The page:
High cotton

by Keith Barber

Summertime, and the living is easy. Fish are jumpin’ and the cotton is high. — George Gershwin My heart was full and tears began to well in my eyes as I listened to violinist Chee-Yun perform the theme to the classic Italian film Cinema Paradiso. Chee- Yun stood on stage next to the brilliant jazz trumpeter Chris Botti at Reynolds Auditorium Saturday night and played with a virtuosity and passion I never imagined possible. The sold-out crowd was mesmerized, and so was I.

Out of the corner of my eye, I saw my girlfriend, Suzanne, gauging my reaction. Cinema Paradiso is one of the films I raved about when we first met. The 1989 Oscar winner for Best Foreign Language Film is in my Top 5 favorite movies of all time. The power of music is its ability to express the best things in life, which words and human thought cannot approach.

My favorite author, Joseph Campbell, was fond of saying that we talk about the third-best things. The best things are unknowable and cannot be comprehended by man. The second best things are our feeble attempts to describe that which our minds cannot fathom. Therefore, we talk about the third-best things.

Saturday night’s concert marked yet another glorious occasion in la mia vita meravigliosa (my wonderful life). If someone had told me that at age 42, all of my dreams would come true, I wouldn’t have believed them. Something deep inside would’ve crushed that notion and perpetuated the lie that I wasn’t deserving of happiness and success. Now, that lie has been obliterated.

Two weeks ago, I stood before a packed theater on the campus of Wake Forest University and introduced the world premiere of my first feature-length documentary film, Any Given Friday. Ninety minutes later, when my name appeared on the screen — Directed by Keith T. Barber — and I heard the enthusiastic applause, I instinctively bowed my head in the darkness. I did so out of reverence for that higher power that made it all possible by giving me the strength to see it through to the end.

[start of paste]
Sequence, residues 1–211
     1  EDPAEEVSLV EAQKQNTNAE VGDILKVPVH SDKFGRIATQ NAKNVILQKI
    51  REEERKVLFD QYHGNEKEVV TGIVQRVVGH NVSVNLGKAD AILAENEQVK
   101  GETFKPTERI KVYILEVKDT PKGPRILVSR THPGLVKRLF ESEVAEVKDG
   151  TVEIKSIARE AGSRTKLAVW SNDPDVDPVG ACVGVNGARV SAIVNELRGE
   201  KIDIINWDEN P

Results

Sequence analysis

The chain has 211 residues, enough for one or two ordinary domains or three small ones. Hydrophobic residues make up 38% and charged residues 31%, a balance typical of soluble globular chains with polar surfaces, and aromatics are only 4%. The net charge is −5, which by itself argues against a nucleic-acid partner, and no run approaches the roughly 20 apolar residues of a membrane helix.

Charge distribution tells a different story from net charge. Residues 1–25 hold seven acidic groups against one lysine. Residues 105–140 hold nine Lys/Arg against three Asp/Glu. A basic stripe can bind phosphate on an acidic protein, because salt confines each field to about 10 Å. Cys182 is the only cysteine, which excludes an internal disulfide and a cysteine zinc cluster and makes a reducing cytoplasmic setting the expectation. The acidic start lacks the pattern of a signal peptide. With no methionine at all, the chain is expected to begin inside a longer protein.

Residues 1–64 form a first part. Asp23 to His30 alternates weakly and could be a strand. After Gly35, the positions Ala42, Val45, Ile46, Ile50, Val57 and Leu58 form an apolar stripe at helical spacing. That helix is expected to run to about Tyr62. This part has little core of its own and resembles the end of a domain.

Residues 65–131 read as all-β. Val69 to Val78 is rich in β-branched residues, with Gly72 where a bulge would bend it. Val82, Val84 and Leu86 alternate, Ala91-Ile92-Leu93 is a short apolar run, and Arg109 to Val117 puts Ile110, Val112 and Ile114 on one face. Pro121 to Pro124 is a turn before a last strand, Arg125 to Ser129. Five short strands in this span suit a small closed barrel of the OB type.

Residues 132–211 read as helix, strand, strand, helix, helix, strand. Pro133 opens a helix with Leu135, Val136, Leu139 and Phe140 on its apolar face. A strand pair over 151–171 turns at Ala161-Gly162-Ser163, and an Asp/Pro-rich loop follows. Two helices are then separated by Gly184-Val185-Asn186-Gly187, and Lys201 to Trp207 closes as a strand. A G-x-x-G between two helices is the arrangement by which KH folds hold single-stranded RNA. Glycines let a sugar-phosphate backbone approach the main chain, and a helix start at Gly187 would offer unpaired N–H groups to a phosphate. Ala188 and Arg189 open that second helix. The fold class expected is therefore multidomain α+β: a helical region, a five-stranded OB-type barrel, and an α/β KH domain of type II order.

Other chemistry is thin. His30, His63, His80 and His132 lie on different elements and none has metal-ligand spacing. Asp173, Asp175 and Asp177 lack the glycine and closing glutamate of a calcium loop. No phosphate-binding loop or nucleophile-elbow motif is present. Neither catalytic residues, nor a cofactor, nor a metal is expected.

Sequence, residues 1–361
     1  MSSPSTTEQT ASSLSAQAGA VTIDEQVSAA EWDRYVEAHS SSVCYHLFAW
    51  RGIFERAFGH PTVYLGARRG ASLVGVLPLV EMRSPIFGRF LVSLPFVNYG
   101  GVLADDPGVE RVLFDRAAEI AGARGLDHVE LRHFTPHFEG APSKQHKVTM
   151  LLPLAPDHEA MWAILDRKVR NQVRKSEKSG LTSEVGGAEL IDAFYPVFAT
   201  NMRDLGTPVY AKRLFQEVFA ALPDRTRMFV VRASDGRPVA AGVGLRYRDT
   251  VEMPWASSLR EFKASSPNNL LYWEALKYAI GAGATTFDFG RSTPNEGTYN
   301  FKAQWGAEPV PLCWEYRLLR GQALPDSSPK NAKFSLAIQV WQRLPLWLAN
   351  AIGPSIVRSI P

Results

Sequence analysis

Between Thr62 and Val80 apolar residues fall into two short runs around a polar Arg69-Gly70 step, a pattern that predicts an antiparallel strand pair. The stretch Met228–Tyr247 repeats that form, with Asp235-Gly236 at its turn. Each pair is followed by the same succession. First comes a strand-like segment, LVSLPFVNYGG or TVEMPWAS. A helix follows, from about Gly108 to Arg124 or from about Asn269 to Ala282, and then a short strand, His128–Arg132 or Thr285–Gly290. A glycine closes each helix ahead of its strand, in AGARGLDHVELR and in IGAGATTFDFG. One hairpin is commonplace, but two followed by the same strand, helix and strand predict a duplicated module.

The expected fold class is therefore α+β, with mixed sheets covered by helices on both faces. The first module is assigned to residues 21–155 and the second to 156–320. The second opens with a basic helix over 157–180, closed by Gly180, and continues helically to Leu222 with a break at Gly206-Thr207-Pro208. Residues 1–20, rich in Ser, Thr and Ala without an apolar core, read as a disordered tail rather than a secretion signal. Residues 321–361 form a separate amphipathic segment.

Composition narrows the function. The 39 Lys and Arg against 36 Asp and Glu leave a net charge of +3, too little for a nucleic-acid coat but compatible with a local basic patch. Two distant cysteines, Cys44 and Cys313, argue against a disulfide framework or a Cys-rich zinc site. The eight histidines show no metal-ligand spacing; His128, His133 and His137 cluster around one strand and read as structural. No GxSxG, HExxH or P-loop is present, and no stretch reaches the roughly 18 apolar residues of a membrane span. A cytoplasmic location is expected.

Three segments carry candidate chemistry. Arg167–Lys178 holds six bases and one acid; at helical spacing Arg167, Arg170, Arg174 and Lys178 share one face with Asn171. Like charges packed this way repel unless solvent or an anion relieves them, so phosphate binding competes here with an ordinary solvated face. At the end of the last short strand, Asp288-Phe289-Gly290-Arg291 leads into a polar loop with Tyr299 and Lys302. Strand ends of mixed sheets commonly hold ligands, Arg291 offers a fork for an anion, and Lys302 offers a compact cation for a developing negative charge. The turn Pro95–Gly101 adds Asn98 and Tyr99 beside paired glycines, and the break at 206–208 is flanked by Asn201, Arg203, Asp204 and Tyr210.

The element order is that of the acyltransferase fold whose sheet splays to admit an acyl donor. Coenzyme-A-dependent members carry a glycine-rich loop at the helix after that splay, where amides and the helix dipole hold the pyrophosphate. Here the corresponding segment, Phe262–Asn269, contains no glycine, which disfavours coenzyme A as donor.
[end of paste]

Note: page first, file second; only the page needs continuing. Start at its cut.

My face was flushed, and I felt this wave of warmth fill my body. I even broke into a sweat during the question-andanswer session. Afterwards, I received hugs and congratulations from family and friends. Their sentiments were genuine. They were truly happy for me.

So as Chee-Yun played her marvelous violin solo, the melancholy melody of Ennio Morricone’s masterful score touched off another wave of emotions. I turned to look at Suzanne and was reminded of the infinite power of love and human forgiveness.

Her hand squeezed mine, and I knew I would never feel alone another second in my life. And I would always be loved.

In the very recent past, these thoughts would’ve sent my heart racing, and set my mind off in a million different directions. I would’ve been plotting an escape route, a way to avoid true intimacy. But it was that single moment in time, the moment I had dreamed about for more than 10 years — the moment when I experienced an audience’s reaction to something I conceived and created — that revealed the real truth about me. It turns out I am deserving of happiness.

Suzanne and I waited patiently for Chris Botti’s autograph after the show, and despite being clearly exhausted, the artist was gracious enough to pose for photos with each of us. Botti’s soulful music has special meaning for us. It is the soundtrack of our romance. Our shared love for his work offered one of the first signs that we had quite a bit in common. And as our appreciation of Botti’s transcendent style of jazz has grown, so has our love for each other.

Riding home in the car, Suzanne was effervescent. Her enthusiasm mirrored my own. Finally, I’m in love with a woman who gets as excited about life as I do. We were like two wide-eyed children seeing the beginning of a future with infinite possibilities and feeling the very best things in life without saying a word.